Do Grandparents Rights Matter?
Expert statistics say that there are about 65 million grandparents living in the United States as of the most recent studies (as of 2012, when the last study was conducted). According to the most recent findings by the U.S. Census Bureau, the grandparent role has changed radically in recent times, with 7 million grandparents who are living with at least one grandchild, sometimes due to grandparent rights.
Rewind back to 1992, and this number was a meager 7 percent, denoting a 3 percent increase in just over a decade. The findings also revealed that in about 3 percent of all U.S. households, which equates to 4.2 million households, there were children under the age of 18, where many times due to grandparent rights, the grandparent was the primary custody holder and assigned custodian and caregiver.
As of 2012, over 2.7 million grandparents in the U.S. were solely responsible for raising their grandchildren. Astonishingly, roughly 39 percent of them had been the sole caregivers for these children for at least five years or longer.
In 2012, 2.7 million grandparents in the U.S. were raising their grandchildren. About 39 percent of these grandparent caregivers have cared for their grandchildren for five years or more.
The study yielded a number of other interesting findings, which are listed below.
• Most grandparents living with children tended to be younger and did not have a formal college education, so poverty levels were higher in these instances.
• Grandparents ages 30-39 represented just 2 percent of this demographic; ages 50-59 represented 34 percent; ages 80 and over comprised four percent.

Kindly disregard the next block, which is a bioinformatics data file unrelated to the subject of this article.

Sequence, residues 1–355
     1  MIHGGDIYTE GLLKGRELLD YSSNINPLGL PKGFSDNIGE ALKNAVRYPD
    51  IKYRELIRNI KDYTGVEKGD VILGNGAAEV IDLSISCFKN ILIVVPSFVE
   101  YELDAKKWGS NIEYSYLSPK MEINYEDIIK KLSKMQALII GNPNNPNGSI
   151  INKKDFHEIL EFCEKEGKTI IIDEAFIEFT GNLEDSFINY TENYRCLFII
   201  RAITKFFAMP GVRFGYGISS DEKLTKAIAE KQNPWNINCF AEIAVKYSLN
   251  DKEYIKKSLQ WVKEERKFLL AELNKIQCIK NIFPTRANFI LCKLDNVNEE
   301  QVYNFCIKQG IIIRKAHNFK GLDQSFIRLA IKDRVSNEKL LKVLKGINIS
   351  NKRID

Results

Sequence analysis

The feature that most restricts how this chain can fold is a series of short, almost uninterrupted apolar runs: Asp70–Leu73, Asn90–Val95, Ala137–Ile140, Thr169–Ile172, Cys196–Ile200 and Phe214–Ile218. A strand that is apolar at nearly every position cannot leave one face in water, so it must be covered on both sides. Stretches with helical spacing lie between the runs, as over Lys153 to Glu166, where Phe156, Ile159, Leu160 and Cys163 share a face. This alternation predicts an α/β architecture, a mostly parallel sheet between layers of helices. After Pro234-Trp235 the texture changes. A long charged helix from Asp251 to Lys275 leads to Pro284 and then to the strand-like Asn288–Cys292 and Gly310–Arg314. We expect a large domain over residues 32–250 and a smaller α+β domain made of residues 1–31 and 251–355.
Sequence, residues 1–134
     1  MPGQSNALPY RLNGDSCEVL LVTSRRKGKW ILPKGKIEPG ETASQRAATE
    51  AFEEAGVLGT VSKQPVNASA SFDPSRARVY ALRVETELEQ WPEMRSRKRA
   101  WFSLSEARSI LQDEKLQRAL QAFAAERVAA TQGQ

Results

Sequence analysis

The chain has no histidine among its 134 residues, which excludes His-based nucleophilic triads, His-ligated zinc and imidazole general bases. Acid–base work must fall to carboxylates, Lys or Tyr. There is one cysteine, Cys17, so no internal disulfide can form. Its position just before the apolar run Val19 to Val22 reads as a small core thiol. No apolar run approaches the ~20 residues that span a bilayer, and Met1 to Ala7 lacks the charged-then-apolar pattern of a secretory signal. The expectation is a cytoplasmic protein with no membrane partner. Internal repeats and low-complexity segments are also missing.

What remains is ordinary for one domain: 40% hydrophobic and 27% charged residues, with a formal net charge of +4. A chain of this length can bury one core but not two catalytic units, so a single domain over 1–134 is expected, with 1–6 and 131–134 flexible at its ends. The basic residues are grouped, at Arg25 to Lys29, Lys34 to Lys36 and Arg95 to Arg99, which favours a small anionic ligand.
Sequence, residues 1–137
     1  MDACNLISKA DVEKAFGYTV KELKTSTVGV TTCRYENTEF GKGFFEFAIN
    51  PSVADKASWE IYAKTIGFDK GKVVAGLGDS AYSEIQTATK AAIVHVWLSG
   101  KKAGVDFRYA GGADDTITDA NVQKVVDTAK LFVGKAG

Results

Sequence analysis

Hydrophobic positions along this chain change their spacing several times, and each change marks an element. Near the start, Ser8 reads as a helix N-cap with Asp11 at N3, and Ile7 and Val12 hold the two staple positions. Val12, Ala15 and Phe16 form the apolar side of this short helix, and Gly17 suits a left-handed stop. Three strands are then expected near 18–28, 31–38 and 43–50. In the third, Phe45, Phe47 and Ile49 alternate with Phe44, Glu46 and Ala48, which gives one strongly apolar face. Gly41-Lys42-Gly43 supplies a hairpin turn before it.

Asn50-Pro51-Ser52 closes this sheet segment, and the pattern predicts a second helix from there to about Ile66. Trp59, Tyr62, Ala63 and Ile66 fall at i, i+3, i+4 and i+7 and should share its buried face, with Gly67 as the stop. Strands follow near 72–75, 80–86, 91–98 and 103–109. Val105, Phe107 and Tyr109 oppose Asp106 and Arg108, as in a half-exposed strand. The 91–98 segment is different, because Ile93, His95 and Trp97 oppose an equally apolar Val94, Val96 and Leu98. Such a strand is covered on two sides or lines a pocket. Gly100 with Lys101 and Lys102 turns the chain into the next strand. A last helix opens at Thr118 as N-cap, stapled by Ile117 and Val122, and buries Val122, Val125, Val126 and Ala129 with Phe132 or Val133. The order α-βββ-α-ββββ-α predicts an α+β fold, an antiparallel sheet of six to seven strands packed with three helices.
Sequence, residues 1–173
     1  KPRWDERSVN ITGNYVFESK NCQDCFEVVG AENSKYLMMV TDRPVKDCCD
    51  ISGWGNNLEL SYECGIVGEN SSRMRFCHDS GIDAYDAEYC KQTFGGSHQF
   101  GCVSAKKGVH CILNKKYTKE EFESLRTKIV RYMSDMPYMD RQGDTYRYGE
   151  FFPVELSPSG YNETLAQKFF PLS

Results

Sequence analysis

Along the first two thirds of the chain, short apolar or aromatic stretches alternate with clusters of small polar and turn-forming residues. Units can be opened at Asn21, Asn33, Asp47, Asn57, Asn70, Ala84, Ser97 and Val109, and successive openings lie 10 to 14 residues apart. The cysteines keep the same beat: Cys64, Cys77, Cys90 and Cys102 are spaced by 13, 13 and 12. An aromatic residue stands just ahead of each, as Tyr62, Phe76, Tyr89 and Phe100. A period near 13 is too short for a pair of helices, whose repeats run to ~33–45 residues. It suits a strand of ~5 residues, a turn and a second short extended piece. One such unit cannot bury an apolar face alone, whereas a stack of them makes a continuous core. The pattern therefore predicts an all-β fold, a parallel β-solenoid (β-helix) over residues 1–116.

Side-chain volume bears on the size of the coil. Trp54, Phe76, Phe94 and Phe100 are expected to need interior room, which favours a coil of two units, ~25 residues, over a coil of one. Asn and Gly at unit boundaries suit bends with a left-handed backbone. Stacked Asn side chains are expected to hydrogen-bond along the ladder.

• Female grandparents represented 64.2 percent of this demographic.
• Over 49 percent of children being raised by their grandparents lived with both of the grandparents on a full-time basis.
• About one-third of all children living with their grandparents also had their two biological parents living with them, too.
• In most situations, children living with their grandparents were on public insurance and were receiving public assistance.
There are certain rights that are bestowed upon grandparents who are directly related to the grandchildren. In cases where it’s in the best interest of the children, full or partial custody may be awarded. In cases where visitation comes into question, certain state and federal bylaws apply that can differ from state to state.
In most cases, grandparents have at least the right to visitation. Since family law can be complex, and can vary between different states, if you are interested in learning more about your grandparent rights, it’s advised that you contact a legal professional that specializes in this area of law.